fal-ling into the category of those requiring long-term care), remis-sion (the probability of exiting the category of those requiring long-term care) and mortality (the mor-tality differential between persons requiring long-term care and those who do not). But to understand the need for assistance related to long-term care, it is also important to consider the existence of potential caregivers, spouses, children or neighbours, who themselves de-pend on several factors (life expec-tancy, life expectancy without loss of autonomy, frequency of separa-tion of couples, fertility, rate of em-ployment of children, level of social relations within the family). For the insurer, we can sum up long-term care as carrying three major risks, which determine its insurability: • The risk of escalation: accord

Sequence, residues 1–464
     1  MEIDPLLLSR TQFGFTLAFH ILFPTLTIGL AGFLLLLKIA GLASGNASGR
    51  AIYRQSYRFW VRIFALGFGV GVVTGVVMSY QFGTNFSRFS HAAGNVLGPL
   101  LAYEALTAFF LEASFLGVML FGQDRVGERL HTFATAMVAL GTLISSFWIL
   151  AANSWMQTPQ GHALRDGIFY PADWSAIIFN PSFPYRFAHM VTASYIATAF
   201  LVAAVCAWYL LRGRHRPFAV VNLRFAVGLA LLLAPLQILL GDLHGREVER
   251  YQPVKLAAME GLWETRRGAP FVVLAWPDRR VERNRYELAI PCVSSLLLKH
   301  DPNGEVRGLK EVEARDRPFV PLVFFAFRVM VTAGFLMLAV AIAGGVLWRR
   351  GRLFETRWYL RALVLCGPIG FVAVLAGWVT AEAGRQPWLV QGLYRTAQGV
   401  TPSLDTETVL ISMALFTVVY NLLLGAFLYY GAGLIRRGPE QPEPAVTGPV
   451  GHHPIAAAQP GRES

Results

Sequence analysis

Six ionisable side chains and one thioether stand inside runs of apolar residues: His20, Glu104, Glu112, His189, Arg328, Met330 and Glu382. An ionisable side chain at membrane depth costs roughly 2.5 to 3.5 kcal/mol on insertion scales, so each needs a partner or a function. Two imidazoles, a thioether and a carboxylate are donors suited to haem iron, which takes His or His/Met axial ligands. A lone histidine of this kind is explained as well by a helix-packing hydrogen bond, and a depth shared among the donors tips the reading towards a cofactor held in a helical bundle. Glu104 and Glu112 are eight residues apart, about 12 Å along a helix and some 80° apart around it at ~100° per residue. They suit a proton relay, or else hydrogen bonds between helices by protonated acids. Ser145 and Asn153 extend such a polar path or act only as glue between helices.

ing to some experts, an exten sion of lifespan goes hand in hand with an extension of the time spent with a disability, that is, in a situation of total or partial loss of autono-my. Long-term care is an emerging risk whose total cost will increase more rapidly than national wealth. This naturally raises the problem of pric-ing insofar as the underlypric-ing trend is still not properly understood, policyholders themselves being inclined to underestimate the impact in-volved. The risk, therefore, is that supply and de-mand curves for long-term care products only meet at a point where the supply of services is very restricted or even inexistent. Studies based on a comparison of several statistical sources none-theless show that this fear is not grounded and that we are not actually experiencing a “pandemic” of disability, particularly severe disability: there are as many countries where the number of old people requiring long-term care grows more quickly than the number of old people not requiring long term care (cf. Belgium, Japan, Sweden) as there are countries where it grows less quickly (cf. Italy, France, USA; Lafortune and Balestat 2007; Jacob-zone 2000). Studies exploring the links between lifestyle and loss of autonomy could also eventual-ly significanteventual-ly alter the trends observed in the past, once these studies lead to the development of efficient prevention techniques.